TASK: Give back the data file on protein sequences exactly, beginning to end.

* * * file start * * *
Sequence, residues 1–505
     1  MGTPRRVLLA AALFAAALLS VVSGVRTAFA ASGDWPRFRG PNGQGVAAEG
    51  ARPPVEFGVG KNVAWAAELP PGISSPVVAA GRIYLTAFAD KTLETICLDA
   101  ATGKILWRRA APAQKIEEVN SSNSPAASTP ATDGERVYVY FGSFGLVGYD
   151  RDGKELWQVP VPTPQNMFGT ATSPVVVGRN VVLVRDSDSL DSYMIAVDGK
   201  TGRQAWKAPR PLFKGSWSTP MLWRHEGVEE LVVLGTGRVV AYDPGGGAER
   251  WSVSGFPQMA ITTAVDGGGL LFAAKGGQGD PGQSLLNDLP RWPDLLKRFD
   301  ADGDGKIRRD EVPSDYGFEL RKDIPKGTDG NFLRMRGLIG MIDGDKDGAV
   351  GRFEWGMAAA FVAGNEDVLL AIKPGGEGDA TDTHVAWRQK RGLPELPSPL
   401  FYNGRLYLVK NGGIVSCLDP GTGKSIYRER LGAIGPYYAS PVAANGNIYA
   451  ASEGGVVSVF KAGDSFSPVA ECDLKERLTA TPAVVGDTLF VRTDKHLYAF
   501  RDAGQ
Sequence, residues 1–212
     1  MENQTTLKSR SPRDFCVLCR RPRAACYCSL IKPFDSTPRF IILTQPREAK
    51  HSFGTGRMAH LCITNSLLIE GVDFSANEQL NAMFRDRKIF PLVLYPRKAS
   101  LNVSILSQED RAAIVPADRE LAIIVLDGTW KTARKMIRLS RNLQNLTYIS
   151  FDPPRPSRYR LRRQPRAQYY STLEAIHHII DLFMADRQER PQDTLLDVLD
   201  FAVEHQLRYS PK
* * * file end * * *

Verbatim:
Sequence, residues 1–505
     1  MGTPRRVLLA AALFAAALLS VVSGVRTAFA ASGDWPRFRG PNGQGVAAEG
    51  ARPPVEFGVG KNVAWAAELP PGISSPVVAA GRIYLTAFAD KTLETICLDA
   101  ATGKILWRRA APAQKIEEVN SSNSPAASTP ATDGERVYVY FGSFGLVGYD
   151  RDGKELWQVP VPTPQNMFGT ATSPVVVGRN VVLVRDSDSL DSYMIAVDGK
   201  TGRQAWKAPR PLFKGSWSTP MLWRHEGVEE LVVLGTGRVV AYDPGGGAER
   251  WSVSGFPQMA ITTAVDGGGL LFAAKGGQGD PGQSLLNDLP RWPDLLKRFD
   301  ADGDGKIRRD EVPSDYGFEL RKDIPKGTDG NFLRMRGLIG MIDGDKDGAV
   351  GRFEWGMAAA FVAGNEDVLL AIKPGGEGDA TDTHVAWRQK RGLPELPSPL
   401  FYNGRLYLVK NGGIVSCLDP GTGKSIYRER LGAIGPYYAS PVAANGNIYA
   451  ASEGGVVSVF KAGDSFSPVA ECDLKERLTA TPAVVGDTLF VRTDKHLYAF
   501  RDAGQ
Sequence, residues 1–212
     1  MENQTTLKSR SPRDFCVLCR RPRAACYCSL IKPFDSTPRF IILTQPREAK
    51  HSFGTGRMAH LCITNSLLIE GVDFSANEQL NAMFRDRKIF PLVLYPRKAS
   101  LNVSILSQED RAAIVPADRE LAIIVLDGTW KTARKMIRLS RNLQNLTYIS
   151  FDPPRPSRYR LRRQPRAQYY STLEAIHHII DLFMADRQER PQDTLLDVLD
   201  FAVEHQLRYS PK